'Maters!!! It's that time - picking the right plants for the season

I love tomatoes. I love ketchup, salsa, tomato sauce, tomato sandwiches, if it's tomato based I probably love it.

One of our favorite parts of summer are the abundance of tomatoes. So much so that it's hard to eat them any other time of year. A fresh tomato compared to an off-season one, one that might have been picked green and packed and transported for days and weeks, is just no comparable. They might as well be another vegetable altogether in my opinion.

The variety of tomatoes make this one of the most versitile vegetables as well (or fruit, whatever you want to think it is...I'm staying out of the debate). The sizes, shapes, colors and flavors range immensely though the typical fare at the grocery store might have you thinking differently.

When choosing tomatoes to grow there are a few things we keep in mind. What will we be using them for? Where will they be growing (in the garden, landscape, patio pot, etc) and what type of space will they need? One thing you don't have to choose based on - the sun. They all want a lot of sun. The more the better. So looking for, or choosing, options that don't require sun just isn't realistic!

We put in around 20 or so plants each year. We like big ones for slicing and serving fresh with a dash of sale or on a sandwich (white bread, Duke's mayonnaise, salt & pepper). We grow a few cherry tomato plants each year, and usually plant them at the entrance to the garden for quick access, for snacking on while out in the garden. We grow paste tomato plants and roma tomatoes for sauces. We also grow quite a few just for the fun colors they come in - they are striking on a plate or in a salad or just in a bowl on the counter top!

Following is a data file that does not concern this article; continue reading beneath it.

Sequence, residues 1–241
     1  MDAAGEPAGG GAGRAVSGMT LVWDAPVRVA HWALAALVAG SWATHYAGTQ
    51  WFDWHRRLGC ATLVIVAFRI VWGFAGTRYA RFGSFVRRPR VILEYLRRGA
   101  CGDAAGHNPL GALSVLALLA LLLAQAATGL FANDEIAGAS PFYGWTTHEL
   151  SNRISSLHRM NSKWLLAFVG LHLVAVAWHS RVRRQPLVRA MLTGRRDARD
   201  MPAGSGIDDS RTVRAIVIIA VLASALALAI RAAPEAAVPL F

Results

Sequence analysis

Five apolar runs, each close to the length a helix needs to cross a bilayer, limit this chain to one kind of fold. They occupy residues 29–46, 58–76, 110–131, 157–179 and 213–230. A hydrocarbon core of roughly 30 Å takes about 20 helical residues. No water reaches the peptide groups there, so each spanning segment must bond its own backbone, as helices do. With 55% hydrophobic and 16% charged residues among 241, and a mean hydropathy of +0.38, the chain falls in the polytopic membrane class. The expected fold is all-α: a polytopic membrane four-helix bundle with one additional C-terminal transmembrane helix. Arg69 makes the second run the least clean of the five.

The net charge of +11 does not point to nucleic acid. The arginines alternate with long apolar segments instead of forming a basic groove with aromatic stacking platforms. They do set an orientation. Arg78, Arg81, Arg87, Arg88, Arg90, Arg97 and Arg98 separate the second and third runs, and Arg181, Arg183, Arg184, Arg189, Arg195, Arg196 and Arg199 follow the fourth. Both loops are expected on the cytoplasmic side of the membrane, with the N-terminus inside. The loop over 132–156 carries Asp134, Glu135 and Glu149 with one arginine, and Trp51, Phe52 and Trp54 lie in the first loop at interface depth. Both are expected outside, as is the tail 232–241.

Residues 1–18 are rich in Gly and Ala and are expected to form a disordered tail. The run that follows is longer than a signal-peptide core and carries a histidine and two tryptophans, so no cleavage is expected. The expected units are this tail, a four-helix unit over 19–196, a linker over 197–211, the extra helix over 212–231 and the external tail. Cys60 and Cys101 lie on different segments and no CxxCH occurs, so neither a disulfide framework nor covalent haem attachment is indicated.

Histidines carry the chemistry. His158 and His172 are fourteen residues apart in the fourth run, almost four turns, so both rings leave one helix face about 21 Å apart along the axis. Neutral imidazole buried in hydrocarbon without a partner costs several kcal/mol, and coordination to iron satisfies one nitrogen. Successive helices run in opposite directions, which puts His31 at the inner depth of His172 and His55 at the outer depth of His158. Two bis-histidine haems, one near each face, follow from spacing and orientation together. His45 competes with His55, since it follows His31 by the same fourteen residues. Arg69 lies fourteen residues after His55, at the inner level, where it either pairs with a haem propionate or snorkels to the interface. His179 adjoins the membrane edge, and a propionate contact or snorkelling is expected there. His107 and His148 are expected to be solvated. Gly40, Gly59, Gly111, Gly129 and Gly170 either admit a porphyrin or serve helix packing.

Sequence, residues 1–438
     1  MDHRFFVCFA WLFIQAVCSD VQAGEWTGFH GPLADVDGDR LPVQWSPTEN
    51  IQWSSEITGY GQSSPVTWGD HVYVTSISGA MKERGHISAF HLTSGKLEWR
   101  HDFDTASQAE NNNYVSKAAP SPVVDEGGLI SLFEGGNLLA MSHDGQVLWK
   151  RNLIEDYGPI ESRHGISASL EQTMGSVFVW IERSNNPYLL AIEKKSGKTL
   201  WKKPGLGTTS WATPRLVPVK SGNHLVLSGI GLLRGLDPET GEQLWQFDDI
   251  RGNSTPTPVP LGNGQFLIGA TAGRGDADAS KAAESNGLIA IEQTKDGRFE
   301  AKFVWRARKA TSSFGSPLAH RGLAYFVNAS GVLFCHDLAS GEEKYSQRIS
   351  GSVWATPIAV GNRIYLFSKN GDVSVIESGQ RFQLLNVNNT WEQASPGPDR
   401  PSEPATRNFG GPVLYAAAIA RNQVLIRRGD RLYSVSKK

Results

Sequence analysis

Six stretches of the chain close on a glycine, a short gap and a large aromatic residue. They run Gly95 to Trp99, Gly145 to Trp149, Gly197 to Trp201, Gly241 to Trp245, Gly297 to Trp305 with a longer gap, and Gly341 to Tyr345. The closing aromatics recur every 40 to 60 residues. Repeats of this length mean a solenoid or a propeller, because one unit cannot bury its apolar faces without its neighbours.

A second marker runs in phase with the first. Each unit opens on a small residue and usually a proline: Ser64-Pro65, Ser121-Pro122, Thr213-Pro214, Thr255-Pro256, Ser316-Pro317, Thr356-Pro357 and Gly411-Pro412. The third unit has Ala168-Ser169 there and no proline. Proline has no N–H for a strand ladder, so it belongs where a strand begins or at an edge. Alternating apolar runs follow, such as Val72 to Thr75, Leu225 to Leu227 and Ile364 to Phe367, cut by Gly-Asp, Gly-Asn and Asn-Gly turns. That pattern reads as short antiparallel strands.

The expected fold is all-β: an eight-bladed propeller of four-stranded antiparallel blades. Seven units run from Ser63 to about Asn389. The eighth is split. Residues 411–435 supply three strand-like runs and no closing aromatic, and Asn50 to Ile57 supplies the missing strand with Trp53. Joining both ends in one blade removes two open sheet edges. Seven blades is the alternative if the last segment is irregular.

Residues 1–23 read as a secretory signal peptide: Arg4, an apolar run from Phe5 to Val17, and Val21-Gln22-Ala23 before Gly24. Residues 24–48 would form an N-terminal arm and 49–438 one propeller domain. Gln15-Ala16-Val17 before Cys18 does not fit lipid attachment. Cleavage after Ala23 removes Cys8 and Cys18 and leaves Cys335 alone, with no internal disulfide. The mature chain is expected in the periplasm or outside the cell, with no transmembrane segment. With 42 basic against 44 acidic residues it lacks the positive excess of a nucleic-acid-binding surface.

We usually plant them in waves as well. A few early so they'll fruit sooner in the season, more a month or so later, and then continuously until early June. This keeps large volumes of fresh ones available from early spring, through the summer, and until the first frost - sometimes as late as the first week or two of November. At the end of the season, just before the first frost, will pull off all the green ones that won't ripen and fry or pickle them. But enough about end-of-season, we are at the beginning now!

When choosing your plants think about what you'll do with them. Any can be used on sauces, but paste or romas have less watery interiors and are more meaty and have good body for cooking down. Romas are also my favorite in salsas for the same reason, less watery salsa but deep tomato flavor. We plant the cherry tomatoes for snacking, but also because they ripen quicker - so we get that great first bite of frech 'mater sooner in the year - the big tomatoes take some time to develop as a plant, then to fruit, then to ripen. The info markers on most plants will tell you if they are slicers, paste, or other known preferred use. If you are buying from a farmer or someone selling seedlings they've grown, most can tell you the character and use of the tomato they are selling. More on those folks below.

Many will also say "bush" or "patio" plants. These are good for growing in pots on decks, patios and other spaces where planting in beds or the ground isn't an option.

WHERE TO FIND THEM

Garden centers all over have vegetable plants in stock now. Those are just fine and these days have huge varieties. Other options include ordering seeds to grow your own or finding farmers markets, farmers, hardware stores or other more local options. We've gotten many unique varieties at the Yorkmont Farmers Market - they have an open-air building where plants are sold, and this time of year that includes all kinds of vegetables and garden plants. We also like to visit Renfroe Hardware. They've been around for over a century in downtown Matthews, NC, and have a huge selection of seedlings and seeds. This is old-school hardware and mercantile.

We like the interesting variety we find in and out of the nurseries and garden centers. We try a couple new plants each year, but always plant our favorites. The nice part about tomatoes in general, they are easy to grow, have few problems and pests, and thrive in our climate. We even plant some each year in our landscaping, the edible landscaping part of the yard here.

I can't wait for the first one every year...and I'm watching the ones we have in the ground now daily waiting for that first bite!

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